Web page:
Two weeks ago Shift reported on a tricky initiative filed by Lefty groups that aims to fool voters into approving a state income tax. Or rather, it would fool people into voting for a premise they like (that they currently pay too much in state taxes), which would set up a two-step process (that would most likely result in an income tax).
Yet the initiative doesn’t say “income tax” anywhere in it. How clever.
We wrote, “[Liberals] accept that voters will never pass a straight-up income tax, so they’re trying this more convoluted approach instead.” Former state Attorney General Rob McKenna said that “this initiative’s one and only true aim is to enact an income tax through a convoluted backdoor process.”
Apparently “convoluted” was the word that naturally sprang to mind when reading this initiative. That’s because it’s complicated. Duplicitous. Dishonest.
It’s also, for the time being, a no-go.
Newsflash: A state income tax polled really poorly
Jim Brunner at the Seattle Times reports that, “with a summer deadline approaching to gather signatures for an initiative, the effort has been called off. Instead of a ballot measure, the group will launch a public discussion and education campaign,” according to Zach Silk, a spokesperson for Nick Hanauer, an early investor in Amazon who now spends big on far-left political efforts.
Why did they shy away from taking their clever plan to the ballot? You could speculate – that the $75,000 worth of polling they did showed people hate the idea of a state income tax – and you’d probably be right.
There’s no speculation needed here, because Hanauer’s crew pretty well confirmed that theory. Silk told the Times, “One of the things that has been clear to us is just how misinformed public and community leaders are about how upside down the tax system is.”
But hold on, they didn’t spend $75,000 polling “public and community leaders.” They polled voters. What did they have to say on the issue? And if they don’t want a state income tax, does that make them “misinformed”?
Is this really even a matter of “information”? All it comes down to is, if you disagree with Silk and Hanauer, you’re misinformed. If you agree with them, you’re informed.
Instead of an initiative this year, Hanauer et al are embarking on a “public discussion and education campaign.” Get ready to be edu-ma-cated!
“Not wedded to any particular tax outcome”? That’s misinformed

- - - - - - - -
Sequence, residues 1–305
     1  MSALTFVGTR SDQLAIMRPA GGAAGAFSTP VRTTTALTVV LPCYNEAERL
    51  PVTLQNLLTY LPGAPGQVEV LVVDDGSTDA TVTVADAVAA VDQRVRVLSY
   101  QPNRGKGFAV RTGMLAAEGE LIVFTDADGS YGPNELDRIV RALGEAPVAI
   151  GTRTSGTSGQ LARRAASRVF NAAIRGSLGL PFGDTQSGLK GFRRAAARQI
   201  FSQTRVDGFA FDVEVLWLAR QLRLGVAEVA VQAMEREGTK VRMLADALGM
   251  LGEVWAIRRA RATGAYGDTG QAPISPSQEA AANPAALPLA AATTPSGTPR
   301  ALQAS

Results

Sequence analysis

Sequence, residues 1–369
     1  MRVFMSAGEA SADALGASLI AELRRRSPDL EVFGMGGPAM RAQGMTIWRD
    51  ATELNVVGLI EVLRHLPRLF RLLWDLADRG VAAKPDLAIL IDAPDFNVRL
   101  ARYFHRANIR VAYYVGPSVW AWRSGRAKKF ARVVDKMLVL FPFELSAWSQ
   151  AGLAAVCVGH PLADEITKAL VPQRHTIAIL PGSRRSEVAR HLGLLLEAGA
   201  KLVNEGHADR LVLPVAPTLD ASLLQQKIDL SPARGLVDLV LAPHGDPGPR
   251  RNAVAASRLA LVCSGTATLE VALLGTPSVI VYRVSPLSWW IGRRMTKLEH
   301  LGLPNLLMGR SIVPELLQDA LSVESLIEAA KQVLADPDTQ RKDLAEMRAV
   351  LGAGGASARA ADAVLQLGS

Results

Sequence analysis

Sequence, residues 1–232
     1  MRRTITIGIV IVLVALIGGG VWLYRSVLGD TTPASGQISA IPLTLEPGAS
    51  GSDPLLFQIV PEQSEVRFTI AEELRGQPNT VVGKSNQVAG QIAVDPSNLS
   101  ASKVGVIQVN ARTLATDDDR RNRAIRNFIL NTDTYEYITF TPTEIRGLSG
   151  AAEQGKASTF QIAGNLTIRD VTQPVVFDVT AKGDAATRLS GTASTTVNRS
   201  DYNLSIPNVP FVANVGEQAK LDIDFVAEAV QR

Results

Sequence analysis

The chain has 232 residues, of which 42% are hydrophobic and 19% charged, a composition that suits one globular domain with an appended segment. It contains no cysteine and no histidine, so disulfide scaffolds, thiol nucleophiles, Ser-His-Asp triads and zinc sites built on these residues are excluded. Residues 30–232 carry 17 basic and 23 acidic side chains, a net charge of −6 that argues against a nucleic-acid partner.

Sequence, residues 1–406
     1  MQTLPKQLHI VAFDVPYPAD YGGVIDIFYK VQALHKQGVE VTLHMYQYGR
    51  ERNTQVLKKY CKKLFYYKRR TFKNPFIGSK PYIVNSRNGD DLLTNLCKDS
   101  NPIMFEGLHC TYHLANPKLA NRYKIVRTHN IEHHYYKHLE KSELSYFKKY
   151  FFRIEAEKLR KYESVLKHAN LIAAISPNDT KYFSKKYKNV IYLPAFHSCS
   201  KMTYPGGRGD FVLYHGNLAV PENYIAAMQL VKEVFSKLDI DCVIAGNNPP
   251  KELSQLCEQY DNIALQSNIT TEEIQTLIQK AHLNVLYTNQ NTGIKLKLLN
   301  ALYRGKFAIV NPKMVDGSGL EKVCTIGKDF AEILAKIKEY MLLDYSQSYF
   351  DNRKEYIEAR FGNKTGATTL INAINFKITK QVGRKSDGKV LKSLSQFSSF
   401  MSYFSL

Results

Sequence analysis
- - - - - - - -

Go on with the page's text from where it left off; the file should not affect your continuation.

Groups like the Service Employees International Union got involved with Hanauer’s initiative group, People for a Balanced Tax Code, for a simple reason. They’re for bigger government and higher taxes, in all circumstances.
They will never say, “OK, enough. Government is as big as it needs to be.”
That’s why it’s so absurd that Silk asserted to the Times that his group wasn’t wedded to any particular tax outcome. Of course they are; they’re wedded to a state income tax. He even said earlier, as paraphrased by the Times, that “lawmakers could focus more on lowering taxes for the poor as opposed to imposing higher taxes on the rich.”
Yeah. That’s what these far-left groups are going for, a lower tax burden and a smaller state government.
Silk had one other odd assertion: “We haven’t had this kind of concerted statewide conversation in a long time.” We haven’t? What was Initiative 1098, the last income tax initiative, sponsored and well-funded by some of the biggest names in Washington? Just because it went down in flames with a 64.15% no vote doesn’t mean it wasn’t “concerted.”
The one “conversation” the Left continually pushes in this state is about an income tax. We never stop talking about it.
As to the rest of us “misinformed” voters that Hanauer, Silk, and SEIU hope to “engage” – maybe it’s not that at all. Maybe we’re just practical, and suspicious, and canny. Because the one truth that people instinctively grasp is: No matter where a state income tax starts, eventually it will expand until is ensnares us all.
That’s not a matter of information, it’s pure political instincts. And it’s the reason that their $75,000 in polling brought back such unappetizing results to our tax-raising friends.